For several centuries the hegemony of flower trading has been in the hands of the Dutch. Nowadays this has translated into the biggest flower auctions in the world happening every day in several parts of the Netherlands. One of the most famous ones is the Aalsmeer Flower Auction.
Aalsmeer Flower Auction is the largest one in the world. Every day thousands of flowers from all the continents are sold in this Dutch auction. Besides being a business, it has become a famous touristic attraction. Visitors can book tours during the week and get to see the whole process.
Would you like to take a peek inside the world’s largest flower auction before your visit? Would you like to understand how it works, what is going on and what to expect? In this article, you will be able to find a lot of useful information for before and during your visit to Aalsmeer Flower Auction.
Aalsmeer Flower Auction
Going to Aalsmeer Flower Auction is a breathtaking experience for all the senses. First of all, almost 20 million flowers are sold every day. This number increases by 15 percent on weeks when special days take place, such as Valentine’s Day, Mother’s Day, All Saints and so on. Secondly, it is the third-largest building by footprint in the world, covering 518,000 m2. And last, but not least, you are allowed to visit it.
History of the Flower Auction
It all started with the star of the show, the tulip. During the 17th Century, Dutch Golden Ages, tulips were introduced in the Netherlands by Ottoman traders (tulips are originally from Kazakistan). This peculiar flower caught everybody’s attention and quickly became everybody’s desire.
With the desire for this unique and luxurious product, the law of demand and supply was introduced: the instant demand that occurred in the tulip market (due to the people wanting to own the flower for themselves) started to grow quickly. It suddenly a demand curve that didn’t exist initially, moving up quickly.
The impossibility to provide people with their demand changed it all: the botanical limitations of the tulip serve to constrain the supply curve. It takes approximately 10 years to grow a tulip from a seed to its tradable asset, the bulb. This is the only way it can be easily transportable: each bulb indicated what type of tulips will bloom from it, the bulb only needs to be in solid during spring, to bloom and then it can easily be stored anywhere. With this quickly growing demand curve, and a relatively fixed supply curve with an extremely long production cycle, it meant there was the need to find a way to find the best buyer for this precious good.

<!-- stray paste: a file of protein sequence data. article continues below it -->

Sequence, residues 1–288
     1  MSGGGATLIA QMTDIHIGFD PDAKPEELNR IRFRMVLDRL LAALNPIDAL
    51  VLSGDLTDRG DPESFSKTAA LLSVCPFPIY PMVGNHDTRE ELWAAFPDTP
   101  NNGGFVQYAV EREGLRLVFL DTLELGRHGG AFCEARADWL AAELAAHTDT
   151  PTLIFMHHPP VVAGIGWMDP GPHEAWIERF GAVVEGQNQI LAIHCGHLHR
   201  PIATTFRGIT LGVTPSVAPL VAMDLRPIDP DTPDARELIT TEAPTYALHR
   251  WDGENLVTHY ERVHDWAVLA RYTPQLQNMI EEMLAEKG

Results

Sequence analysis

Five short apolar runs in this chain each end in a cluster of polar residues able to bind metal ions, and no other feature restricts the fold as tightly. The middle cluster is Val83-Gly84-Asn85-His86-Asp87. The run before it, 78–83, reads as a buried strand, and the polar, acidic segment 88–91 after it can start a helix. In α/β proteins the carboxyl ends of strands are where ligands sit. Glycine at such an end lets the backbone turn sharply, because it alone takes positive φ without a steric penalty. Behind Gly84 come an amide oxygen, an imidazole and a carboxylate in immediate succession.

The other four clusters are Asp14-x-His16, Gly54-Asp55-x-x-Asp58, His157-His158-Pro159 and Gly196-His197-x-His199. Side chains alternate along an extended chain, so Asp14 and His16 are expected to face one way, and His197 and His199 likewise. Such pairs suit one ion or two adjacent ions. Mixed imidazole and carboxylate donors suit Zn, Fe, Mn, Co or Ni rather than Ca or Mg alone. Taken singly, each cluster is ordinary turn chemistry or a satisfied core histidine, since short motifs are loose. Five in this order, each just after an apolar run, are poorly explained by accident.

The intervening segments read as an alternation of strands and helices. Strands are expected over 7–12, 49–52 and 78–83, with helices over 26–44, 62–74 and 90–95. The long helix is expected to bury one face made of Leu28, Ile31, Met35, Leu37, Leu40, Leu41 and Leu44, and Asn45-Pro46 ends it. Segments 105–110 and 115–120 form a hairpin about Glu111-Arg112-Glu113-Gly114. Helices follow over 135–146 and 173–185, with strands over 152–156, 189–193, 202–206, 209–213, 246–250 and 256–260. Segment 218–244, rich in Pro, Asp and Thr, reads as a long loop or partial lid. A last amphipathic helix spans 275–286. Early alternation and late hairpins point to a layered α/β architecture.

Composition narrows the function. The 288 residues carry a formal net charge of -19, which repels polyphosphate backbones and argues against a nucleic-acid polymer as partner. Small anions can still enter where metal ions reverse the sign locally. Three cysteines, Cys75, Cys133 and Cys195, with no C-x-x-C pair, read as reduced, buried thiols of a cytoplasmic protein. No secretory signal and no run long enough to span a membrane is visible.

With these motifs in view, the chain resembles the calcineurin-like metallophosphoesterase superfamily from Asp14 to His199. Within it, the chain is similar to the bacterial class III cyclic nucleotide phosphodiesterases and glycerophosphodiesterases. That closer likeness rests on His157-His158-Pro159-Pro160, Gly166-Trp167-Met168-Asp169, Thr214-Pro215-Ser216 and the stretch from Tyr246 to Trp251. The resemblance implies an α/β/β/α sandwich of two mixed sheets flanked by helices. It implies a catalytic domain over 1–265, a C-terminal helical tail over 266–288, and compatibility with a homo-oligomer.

So, how can you trade a product that is visible during 3 months a year, but that is demanded all year round? What Dutch came up with in the 17th Century is the base of modern contracts. These contracts would stipulate that at any time during the year, tulip sellers and tulip buyers would sign a contract to deliver a said amount of tulips on a given date in the Summer at price X.
Afterwards, the first functional markets were created by the trade of these contracts of goods among buyers, instead of the direct B2C way. If you want to know more about this, I recommend you watch the movie, Tulip Fever.
It is easy to picture the panorama of the 17th Centuries, where Dutch tradesmen would join flamboyant “auctions” milling around talking loudly and the contracts flying around. To sum up, picture total commotion, noise, and very hard to keep everything organised. Basically, the beginning of nowadays auctions. They came up with the strategy that the best solution to selling the bulbs was to do it quickly, to do it with as few bids as possible, while at the same time getting as high a price as possible. How so? With the Dutch Clock.
Auction Clock: how does it work?
In a nutshell, the auction clock is a wheel where the auctioneer informs the bidders of the time and price of the lot, in this case, flowers. All the participants in the auction have a screen with all the relevant information about the lot at all times, which makes it easier for them to know in a short period of time all the characteristics of the products they are bidding for, what is the lowest price they can pay for it, what is the starting price of the lot, when the bid is over and much more. If you want to know more about it, Royal FloraHolland provides information, videos and more.